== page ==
The Princess Stars


Andromeda (50mm 5DII)

The stars of Andromeda the Princess highlight the autumn sky.

Here’s an image from last night, October 4, that frames all of the constellation of Andromeda, now high in the northern autumn sky. A trio of coloured stars arcs across the centre of the image, forming the main pattern in Andromeda. In Greek legend she was the daughter of Queen Cassiopeia and was rescued by Perseus from the devouring jaws of Cetus the Sea Monster.

Above the centre star lies the constellation’s most famous feature, the Andromeda Galaxy, shining at us from 2.5 million light years away. It is the most distant object easily visible to the unaided eye.

An equal distance below the centre star of Andromeda you can see another smaller fuzzy spot. That’s the Pinwheel or Triangulum Galaxy, a dwarf spiral 2.8 million light years away, but also a member of the Local Group of galaxies that contains our Milky Way and Andromeda as its two main members.

At left, just below centre, is a large open cluster of stars, NGC 752, easily visible to the naked eye.

For this shot, as I do for most constellation portraits, I used Photoshop to layer in a shot taken through a diffusion filter (the Kenko Softon A) on top of a stack of shots taken without the filter. This allows me to add the enhanced glows around stars to bring out their colours, and to do so in a controlled fashion by varying the opacity of the filtered view. Shooting on a night with high haze or cirrus clouds has the same end effect but that’s hardly a reliable way to take constellation images. Combining filtered and unfiltered views works great, and gives the “look” made popular years ago by Japanese astrophotographer Akira Fuji.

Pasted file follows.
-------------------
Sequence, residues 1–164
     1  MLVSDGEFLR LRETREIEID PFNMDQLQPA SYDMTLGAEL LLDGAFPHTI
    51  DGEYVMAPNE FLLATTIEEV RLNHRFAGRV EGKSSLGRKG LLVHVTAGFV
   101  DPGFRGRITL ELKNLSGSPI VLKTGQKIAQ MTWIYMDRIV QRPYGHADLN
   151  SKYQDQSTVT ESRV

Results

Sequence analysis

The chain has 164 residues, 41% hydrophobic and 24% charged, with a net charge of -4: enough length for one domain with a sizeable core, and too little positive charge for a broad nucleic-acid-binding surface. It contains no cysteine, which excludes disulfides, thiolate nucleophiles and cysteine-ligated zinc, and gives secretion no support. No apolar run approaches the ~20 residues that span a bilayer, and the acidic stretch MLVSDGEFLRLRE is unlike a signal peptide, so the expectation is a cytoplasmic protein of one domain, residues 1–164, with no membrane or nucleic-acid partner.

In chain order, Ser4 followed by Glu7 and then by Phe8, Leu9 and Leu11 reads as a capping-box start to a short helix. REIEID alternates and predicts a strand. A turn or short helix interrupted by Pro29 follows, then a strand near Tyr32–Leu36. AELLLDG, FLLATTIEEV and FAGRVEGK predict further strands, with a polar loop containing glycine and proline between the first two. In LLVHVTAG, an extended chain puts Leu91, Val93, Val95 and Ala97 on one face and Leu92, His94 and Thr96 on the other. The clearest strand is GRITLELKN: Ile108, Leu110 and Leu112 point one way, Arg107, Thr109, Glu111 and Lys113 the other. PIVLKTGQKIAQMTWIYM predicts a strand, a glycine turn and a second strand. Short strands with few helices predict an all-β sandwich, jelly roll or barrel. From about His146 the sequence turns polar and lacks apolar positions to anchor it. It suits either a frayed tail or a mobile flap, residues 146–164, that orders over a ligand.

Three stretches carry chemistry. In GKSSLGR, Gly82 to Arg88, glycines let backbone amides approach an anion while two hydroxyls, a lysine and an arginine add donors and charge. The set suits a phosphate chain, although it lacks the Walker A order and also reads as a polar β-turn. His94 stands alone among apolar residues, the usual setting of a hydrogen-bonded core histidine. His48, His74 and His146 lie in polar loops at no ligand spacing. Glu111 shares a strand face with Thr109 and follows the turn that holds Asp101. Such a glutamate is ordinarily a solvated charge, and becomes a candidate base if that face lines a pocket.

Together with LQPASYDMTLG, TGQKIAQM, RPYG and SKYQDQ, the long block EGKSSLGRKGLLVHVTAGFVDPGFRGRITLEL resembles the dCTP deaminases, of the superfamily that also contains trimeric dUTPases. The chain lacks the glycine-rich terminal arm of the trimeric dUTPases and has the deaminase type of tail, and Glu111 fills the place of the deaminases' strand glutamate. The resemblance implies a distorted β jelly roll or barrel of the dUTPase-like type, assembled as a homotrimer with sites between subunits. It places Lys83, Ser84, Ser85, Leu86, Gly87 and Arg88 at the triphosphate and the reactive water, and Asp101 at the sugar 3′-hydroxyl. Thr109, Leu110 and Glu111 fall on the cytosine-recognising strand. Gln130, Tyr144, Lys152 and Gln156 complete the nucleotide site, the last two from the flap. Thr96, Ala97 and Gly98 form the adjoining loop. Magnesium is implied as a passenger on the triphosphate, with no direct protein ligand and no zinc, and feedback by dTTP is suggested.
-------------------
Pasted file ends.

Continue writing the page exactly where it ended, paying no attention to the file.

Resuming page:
– Alan, October 5, 2013 / © 2013 Alan Dyer

 

Set the Controls for Triangulum


 

Spiral galaxies are icons of deep space. This one is a classic. This is the Triangulum Galaxy, named for its home constellation. Amateur astronomers also know it as M33, the 33rd entry in Charles Messier’s catalog of deep sky objects compiled in the 1780s. To Messier, object #33 was another fuzzy spot he and others might confuse for comets, the objects astronomers of the day were really after.

It wasn’t until 1850 that the Earl of Rosse, observing with his monster Leviathan of Parsonstown, a 72-inch reflector telescope, managed to see M33 as something more than a nebulous glow. He saw what the photo clearly shows — spiral arms swirling around a central core. However, in those days, such “spiral nebulae” were thought to be whirlpools of gas where stars and solar systems were forming.

It wasn’t until the 1920s, with the work of Edwin Hubble, that objects like M33 were proven to be other galaxies like our Milky Way, each composed of billions of stars.

We now know the Triangulum Galaxy lies about 3 million light years away, and is about half the size of our Milky Way. That makes it the third largest member of our Local Group of galaxies, after our own Milky Way and the famous Andromeda Galaxy.

For this shot of M33, taken September 25, I stacked 6 images, each a 12-minute exposure at ISO 800 and f/6, shot with my Astro-Physics 130mm refractor and Canon 7D camera. Visible along the galaxy’s spiral arms you can see some of the reddish and cyan-coloured nebulas that are sites of active star formation in M33.

— Alan, Oct 7, 2011 / Image © 2011 Alan Dyer